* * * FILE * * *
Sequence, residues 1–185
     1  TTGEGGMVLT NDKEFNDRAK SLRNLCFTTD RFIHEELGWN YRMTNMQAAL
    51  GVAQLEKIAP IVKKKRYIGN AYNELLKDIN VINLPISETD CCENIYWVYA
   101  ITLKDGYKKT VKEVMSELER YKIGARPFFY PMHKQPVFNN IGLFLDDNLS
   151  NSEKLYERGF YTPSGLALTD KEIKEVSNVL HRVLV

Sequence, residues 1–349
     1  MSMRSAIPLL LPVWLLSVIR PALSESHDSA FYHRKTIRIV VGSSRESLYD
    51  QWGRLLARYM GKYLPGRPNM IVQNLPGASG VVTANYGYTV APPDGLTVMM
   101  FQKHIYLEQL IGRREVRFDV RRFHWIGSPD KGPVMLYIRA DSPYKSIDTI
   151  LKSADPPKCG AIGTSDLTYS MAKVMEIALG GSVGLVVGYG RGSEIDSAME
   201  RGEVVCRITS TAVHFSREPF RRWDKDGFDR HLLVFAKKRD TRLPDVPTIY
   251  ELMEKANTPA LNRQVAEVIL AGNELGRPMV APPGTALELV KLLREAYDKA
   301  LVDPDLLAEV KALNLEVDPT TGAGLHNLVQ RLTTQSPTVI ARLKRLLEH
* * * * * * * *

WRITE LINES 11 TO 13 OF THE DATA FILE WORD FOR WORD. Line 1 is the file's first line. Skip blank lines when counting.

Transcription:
   201  RGEVVCRITS TAVHFSREPF RRWDKDGFDR HLLVFAKKRD TRLPDVPTIY
   251  ELMEKANTPA LNRQVAEVIL AGNELGRPMV APPGTALELV KLLREAYDKA
   301  LVDPDLLAEV KALNLEVDPT TGAGLHNLVQ RLTTQSPTVI ARLKRLLEH